Ettitude, the Los Angeles-based, direct-to-consumer startup making sustainable bedding and sleepwear from bamboo fibers, has raised a sustainably sized round that should keep the company going even in the face of an economic recession.
Co-founded by the Melbourne, Australia native Phoebe Yu and serial entrepreneur Kat Dey, ettitude sells high-end bamboo bedding made using a process she first heard about in her old job working as an exporter helping chain stores source textiles in China.
Sourced from a factory in Zhejiang, China, near Shanghai, the bamboo textiles are made using non-toxic solvents and a closed-loop system that reuses water for the process, according to Yu.
Yu started selling the cleanBamboo-branded bedding under the ettitude label in Melbourne first, but when she saw the orders begin to pick up from the U.S. she relocated and took her company with her.
Upon arrival, Yu realized she’d need a strong co-founder with experience in branding to help her navigate the massive market in the U.S. So Yu turned to AngelList, which is where she found Dey.
A serial entrepreneur with a background in retail, whose first company TryTheWorld was acquired by EarthBox in 2017, Dey was looking for her next project.
“Phoebe sent me a sample and I had the best night of sleep in my life,” Dey said. From then on the two co-founders began the long, hard slog of marketing their business.
Sales are growing, according to the two women, and the company’s chances have certainly been improved by the capital infusion from Drumbeat Ventures and TA Ventures, a European female-founded fund focusing on technology innovation.
The $ 1.6 million financing will be used to boost sales and marketing as the company expands beyond bedding — with an average price of $ 178 for a queen-sized sheet set — and into sleepwear and other categories.
“Phoebe, Kat and their brand, ettitude, are as genuine a combination of passion, purpose, and proprietary product that I’ve seen in the marketplace in my 20 years,” said Drumbeat Ventures founder, Adam Burgoon, in a statement. “They are perfectly positioned to bring their mission of sustainability and comfort to a broader audience.”
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“If your kids aren’t sleeping, you aren’t sleeping,” says Moshi founder and CEO Ian Chambers.
As mindfulness apps grow increasingly popular among adults, Moshi is looking to bring mindfulness and meditative techniques to children. The app today announced the close of a $ 12 million Series B financing led by Accel, with participation from Latitude Ventures (the follow-on sister fund to LocalGlobe) and Triplepoint Capital. Bill Roedy, former MTV CEO, also participated in the round.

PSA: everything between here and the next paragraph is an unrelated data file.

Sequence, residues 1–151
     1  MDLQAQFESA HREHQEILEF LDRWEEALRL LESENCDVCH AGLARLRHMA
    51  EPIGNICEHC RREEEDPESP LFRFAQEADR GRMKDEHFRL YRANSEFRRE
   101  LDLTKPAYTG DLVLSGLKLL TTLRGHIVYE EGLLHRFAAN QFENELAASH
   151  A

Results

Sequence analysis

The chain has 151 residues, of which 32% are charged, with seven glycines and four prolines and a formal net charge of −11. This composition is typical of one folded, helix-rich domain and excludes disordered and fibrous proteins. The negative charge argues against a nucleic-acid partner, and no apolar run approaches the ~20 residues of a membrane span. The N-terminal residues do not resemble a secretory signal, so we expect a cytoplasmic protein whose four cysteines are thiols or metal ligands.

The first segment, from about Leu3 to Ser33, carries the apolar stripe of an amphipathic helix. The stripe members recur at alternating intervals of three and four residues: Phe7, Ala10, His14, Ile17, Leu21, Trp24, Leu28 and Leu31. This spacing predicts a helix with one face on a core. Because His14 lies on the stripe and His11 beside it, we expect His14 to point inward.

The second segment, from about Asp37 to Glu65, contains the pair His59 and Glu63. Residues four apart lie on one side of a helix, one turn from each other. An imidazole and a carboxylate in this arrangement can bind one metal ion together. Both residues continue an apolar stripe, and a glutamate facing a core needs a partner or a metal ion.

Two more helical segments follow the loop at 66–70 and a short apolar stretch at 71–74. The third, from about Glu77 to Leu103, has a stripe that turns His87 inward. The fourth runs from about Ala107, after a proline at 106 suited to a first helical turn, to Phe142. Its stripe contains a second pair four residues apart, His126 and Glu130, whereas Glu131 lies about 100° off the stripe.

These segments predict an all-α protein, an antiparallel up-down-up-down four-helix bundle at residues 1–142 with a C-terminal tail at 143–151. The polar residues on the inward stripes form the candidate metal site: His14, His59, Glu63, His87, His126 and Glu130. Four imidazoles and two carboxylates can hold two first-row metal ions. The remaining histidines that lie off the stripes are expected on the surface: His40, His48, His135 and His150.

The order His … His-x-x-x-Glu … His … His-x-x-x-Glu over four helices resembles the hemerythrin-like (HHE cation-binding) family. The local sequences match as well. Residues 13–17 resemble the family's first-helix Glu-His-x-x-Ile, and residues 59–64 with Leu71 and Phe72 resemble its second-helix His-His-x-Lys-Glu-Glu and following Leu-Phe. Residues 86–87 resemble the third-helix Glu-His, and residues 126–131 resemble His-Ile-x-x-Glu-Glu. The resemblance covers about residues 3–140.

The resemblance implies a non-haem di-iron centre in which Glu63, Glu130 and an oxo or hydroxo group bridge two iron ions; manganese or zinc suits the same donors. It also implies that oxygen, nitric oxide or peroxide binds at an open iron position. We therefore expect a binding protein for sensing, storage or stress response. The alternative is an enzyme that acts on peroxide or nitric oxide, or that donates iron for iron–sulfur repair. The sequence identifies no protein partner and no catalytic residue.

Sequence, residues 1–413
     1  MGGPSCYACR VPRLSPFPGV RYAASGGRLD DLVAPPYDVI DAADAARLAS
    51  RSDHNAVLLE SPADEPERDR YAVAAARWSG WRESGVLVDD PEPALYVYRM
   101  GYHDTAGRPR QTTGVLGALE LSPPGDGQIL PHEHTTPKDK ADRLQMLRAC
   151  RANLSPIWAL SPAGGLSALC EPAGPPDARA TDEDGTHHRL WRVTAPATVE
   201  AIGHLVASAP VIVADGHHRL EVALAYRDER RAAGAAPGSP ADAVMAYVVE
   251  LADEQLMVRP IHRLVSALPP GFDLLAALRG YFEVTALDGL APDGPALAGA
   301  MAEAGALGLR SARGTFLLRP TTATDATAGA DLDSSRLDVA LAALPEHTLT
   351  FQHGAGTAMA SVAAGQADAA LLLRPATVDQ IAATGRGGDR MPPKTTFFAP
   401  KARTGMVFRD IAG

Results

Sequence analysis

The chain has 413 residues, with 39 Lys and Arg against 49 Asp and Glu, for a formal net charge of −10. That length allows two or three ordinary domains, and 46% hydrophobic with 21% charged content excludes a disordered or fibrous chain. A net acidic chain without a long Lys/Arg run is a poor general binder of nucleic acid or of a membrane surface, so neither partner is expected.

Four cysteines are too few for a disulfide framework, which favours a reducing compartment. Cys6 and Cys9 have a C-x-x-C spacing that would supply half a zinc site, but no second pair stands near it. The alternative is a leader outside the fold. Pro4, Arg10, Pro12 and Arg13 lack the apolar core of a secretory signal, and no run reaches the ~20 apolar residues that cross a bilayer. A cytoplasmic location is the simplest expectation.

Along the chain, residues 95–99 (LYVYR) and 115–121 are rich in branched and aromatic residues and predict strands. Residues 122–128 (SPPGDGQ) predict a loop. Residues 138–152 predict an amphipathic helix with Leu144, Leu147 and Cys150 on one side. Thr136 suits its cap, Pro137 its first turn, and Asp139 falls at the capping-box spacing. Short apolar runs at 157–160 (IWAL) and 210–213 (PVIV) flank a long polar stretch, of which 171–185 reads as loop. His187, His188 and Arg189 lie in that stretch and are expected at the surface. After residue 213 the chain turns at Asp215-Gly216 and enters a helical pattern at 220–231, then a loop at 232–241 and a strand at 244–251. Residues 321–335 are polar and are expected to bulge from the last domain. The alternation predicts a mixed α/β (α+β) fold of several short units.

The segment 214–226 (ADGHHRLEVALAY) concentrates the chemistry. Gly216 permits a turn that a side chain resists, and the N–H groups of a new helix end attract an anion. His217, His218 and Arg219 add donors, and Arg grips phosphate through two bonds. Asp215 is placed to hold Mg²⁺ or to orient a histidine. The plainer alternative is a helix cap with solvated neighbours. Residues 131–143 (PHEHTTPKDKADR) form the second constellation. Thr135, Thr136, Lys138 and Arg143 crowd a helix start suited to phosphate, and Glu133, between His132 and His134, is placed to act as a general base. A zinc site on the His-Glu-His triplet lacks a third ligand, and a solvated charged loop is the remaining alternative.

As part of the deal, Latitude Ventures’ Julia Hawkins will join the Moshi board.
Moshi was originally born out of Mind Candy, which was founded by Michael Acton Smith (founder and CEO of Calm) who created an online entertainment platform for kids called Moshi Monsters. In 2015, Smith stepped down as CEO to go build Calm, and Moshi CEO Ian Chambers stepped in, ultimately developing and launching Moshi in 2017. Mind Candy is now rebranding to Moshi.
Moshi is an app that helps kids sleep. The app offers close to 150 bits of original content, with 80 original 30-minute bedtime stories written and produced entirely by the company. Leading that charge is Steve Cleverley, the app’s Chief Creative Officer and Director of Dozing, a BAFTA-winning writer who authors, composes and produces each bit of content on the app.
Moshi’s bed time stories all follow a similar formula: verse (narration), chorus (song), and the underlying musical score. Each story is crafted with meticulous attention to detail. For example, one of the app’s most popular stories, “Mr. Snoodle’s Twilight Train” has the ‘chuga-chuga-choo-choo’ of train noise in the background throughout the story. That sound effect is timed up to the average resting heart rate of a child, purposefully lulling them into a restful place.
Moshi has also managed to get celebrities involved in the project, with narrations from Goldie Hawn and Sir Patrick Stewart, alongside other voice over actors.
The app offers parents the ability to create their own custom playlist or choose from a themed playlist within the app, such as ‘Busy Little Minds.’
Beyond sleep, Moshi is also offering mindfulness content to be used during the day, whether it’s for timeout or anxiety management or what have you.
Moshi offers a free one-week trial before charging USD$ 40 annually, with six pieces of content free for anyone.
The company has more than 100,000 subscribers, with 85 million stories played. Chambers told TechCrunch that 70 percent of all stories are completed.
Moshi plans to use the financing to launch new features and content in collaboration with sleep industry experts and scientists, as well as scaling up user acquisition through marketing, advertising and partnerships.
“The reason I get up in the morning to do this, and it sounds a bit cliche, but it’s the feedback,” said Chambers. “It’s the human stories of how we’re helping families to improve how they operate and having a positive impact on their health and wellbeing. That’s what excites us.”